NREA Weekly Updates: April 8th, 2022

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State Affiliates
NREA Podcast
2022 NFARE Sponsorship Opportunities
We are seeking partnerships with sponsors who share our vision and commitment. Together, with your investment, we will be able to offer rural educators a dynamic and impactful professional learning and networking experience. 
Research Participants Request
The project is funded by the Association for Healthcare Research and Quality (AHRQ). To be specific, we are looking to work with school teams in rural schools who are currently implementing Tier I of an MTSS for behavior (or PBIS) and would like to add evidence-based Tier II supports in the form of either a group-based CBT intervention or a behavioral intervention (for younger students). The purpose of the project is to provide training and coaching to "in-house" school mental health professionals (i.e., counselors, social workers, school psychologists) to implement protocols for Coping Power and CBT for Anxiety Treatment in Schools (CATS) and, for those students who are not yet in 4th grade or do not meet the criteria for inclusion but still engage in problem behavior, Check-in/Check-out. I have attached a flyer describing the project to this email.
Currently, we have 19 schools enrolled in the project and we need to increase our enrollment to 30 schools by the middle to the end of May. Tom mentioned that he thought you might be able to help us in terms of providing some advice or possible connections to rural elementary and middle schools that would be interested in such a project.
Federal Updates: NREAC & CEF
White House Announces Actions For Bolstering Clean School Infrastructure And Transportation To Support Student Learning And Health
White House Announces Actions For Bolstering Clean School Infrastructure And Transportation To Support Student Learning And Health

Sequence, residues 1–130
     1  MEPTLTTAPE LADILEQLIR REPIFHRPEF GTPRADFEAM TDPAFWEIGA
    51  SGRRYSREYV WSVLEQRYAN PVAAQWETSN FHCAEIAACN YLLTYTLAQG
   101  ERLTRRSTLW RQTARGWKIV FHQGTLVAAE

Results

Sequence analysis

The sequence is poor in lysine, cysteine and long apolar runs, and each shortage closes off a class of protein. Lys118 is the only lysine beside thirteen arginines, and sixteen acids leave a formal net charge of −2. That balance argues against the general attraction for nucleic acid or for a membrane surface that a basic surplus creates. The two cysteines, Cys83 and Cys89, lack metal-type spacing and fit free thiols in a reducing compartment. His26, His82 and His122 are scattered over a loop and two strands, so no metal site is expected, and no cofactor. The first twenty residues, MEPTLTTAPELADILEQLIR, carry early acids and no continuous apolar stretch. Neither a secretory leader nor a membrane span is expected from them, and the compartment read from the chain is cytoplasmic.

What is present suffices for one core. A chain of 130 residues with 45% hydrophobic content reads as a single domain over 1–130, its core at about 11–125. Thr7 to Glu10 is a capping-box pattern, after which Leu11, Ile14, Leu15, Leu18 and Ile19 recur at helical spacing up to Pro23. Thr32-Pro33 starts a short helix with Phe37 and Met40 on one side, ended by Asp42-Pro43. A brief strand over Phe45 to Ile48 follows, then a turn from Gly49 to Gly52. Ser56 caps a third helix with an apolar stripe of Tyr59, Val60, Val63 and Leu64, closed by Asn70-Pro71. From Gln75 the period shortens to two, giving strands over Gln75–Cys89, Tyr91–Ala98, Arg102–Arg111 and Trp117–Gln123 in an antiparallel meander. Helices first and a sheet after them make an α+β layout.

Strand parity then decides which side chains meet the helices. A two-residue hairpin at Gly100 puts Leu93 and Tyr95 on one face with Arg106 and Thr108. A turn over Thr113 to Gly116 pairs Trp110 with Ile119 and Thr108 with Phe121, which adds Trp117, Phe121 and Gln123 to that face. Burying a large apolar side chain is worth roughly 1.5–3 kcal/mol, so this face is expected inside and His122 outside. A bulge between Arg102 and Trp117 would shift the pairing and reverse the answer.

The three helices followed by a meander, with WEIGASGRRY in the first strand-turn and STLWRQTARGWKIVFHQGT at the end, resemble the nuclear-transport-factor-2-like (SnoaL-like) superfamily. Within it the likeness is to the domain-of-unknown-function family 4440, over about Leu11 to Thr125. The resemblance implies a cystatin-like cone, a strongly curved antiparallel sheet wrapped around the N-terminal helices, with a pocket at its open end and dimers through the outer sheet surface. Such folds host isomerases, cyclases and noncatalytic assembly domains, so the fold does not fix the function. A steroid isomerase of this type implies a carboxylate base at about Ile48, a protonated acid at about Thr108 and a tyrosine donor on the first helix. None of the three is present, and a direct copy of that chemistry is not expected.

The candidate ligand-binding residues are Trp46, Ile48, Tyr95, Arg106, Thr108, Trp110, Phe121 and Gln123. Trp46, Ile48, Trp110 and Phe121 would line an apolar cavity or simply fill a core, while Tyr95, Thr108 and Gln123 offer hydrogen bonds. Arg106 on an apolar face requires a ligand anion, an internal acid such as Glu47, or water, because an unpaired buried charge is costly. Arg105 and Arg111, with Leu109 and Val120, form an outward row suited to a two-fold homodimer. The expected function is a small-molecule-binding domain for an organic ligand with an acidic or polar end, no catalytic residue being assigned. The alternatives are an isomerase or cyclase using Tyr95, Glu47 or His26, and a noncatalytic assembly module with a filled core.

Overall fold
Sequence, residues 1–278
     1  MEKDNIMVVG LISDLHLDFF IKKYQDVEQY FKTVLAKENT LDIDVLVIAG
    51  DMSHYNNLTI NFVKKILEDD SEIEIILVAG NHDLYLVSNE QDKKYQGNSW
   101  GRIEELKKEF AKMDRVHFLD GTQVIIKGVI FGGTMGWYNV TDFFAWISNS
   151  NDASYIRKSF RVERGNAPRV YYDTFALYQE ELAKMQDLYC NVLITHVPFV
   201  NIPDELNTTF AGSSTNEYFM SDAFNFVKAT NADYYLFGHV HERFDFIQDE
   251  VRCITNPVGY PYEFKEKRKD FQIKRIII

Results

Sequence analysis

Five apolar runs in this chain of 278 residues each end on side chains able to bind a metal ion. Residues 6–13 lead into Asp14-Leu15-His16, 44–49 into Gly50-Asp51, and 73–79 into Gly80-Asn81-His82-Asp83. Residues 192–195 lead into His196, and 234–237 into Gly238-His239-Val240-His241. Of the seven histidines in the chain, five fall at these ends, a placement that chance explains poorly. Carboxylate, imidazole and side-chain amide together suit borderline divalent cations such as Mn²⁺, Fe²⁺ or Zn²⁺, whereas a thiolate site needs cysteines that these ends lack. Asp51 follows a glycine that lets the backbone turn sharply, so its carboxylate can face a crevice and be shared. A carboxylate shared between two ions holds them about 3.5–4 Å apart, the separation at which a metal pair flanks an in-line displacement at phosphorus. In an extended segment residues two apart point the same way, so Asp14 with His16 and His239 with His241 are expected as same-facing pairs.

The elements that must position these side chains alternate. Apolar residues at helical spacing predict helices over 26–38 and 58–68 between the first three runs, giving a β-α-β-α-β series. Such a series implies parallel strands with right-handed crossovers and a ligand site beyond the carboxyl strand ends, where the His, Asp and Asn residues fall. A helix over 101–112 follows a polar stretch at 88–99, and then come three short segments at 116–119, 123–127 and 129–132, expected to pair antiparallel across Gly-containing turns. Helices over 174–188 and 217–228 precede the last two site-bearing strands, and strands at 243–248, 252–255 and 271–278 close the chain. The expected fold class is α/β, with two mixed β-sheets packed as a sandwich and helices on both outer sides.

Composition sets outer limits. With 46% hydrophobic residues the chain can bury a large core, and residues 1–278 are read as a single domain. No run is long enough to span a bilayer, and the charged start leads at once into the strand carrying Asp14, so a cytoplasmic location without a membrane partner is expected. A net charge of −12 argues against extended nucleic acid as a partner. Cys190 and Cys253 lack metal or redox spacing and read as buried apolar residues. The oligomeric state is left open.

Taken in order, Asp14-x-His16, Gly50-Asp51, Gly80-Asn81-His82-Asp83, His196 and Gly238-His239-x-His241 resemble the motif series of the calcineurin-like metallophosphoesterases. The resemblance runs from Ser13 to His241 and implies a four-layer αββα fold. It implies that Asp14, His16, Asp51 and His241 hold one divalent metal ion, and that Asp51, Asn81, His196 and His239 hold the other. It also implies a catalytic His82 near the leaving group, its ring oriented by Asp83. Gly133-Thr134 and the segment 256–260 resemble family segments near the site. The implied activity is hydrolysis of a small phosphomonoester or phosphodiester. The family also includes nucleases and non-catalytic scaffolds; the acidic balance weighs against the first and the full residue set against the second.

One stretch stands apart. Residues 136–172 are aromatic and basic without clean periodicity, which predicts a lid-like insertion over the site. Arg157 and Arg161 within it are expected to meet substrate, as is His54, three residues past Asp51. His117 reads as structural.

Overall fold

Vice President Kamala Harris announced the Biden-Harris Action Plan for Building Better School Infrastructure to upgrade our public schools with modern, clean, energy-efficient facilities and transportation—delivering health and learning benefits to children and school communities, saving school districts money, and creating good union jobs. The action plan activates the entire federal government in leveraging investments from the Bipartisan Infrastructure Law and American Rescue Plan to advance solutions including energy efficiency retrofits, electric school buses, and resilient design. Of particular interest, the plan includes an amazing toolkit listing all the financial resources in various federal agencies that districts can utilize to make improvements to school infrastructure and transportation.

The Biden-Harris Action Plan for Building Better School Infrastructure will:
  • Invest in More Efficient, Energy-Saving School Buildings: The Department of Energy (DOE) is launching a $500 million grant program for schools that will lower energy costs, improve air quality and prioritize schools most in need, enabling schools to focus more resources on student learning.
  • Improve Classroom Air Quality through the American Rescue Plan: The Administration is supporting states, school districts, and local communities in leveraging American Rescue Plan Elementary and Secondary School Emergency Relief resources to address school infrastructure needs—like repairing, upgrading, or replacing ventilation systems; purchasing air filters and portable air-cleaning devices; and fixing doors and windows so that schools can stay open for in-person learning.
Expand Clean and Safe School Transportation: The Environmental Protection Agency (EPA), with support from the Department of Energy (DOE), is releasing new online resources to help school districts and other eligible recipients prepare for the $5 billion Clean School Bus Program created by the Bipartisan Infrastructure Law—with the first opportunity to fund clean and electric buses opening later this spring.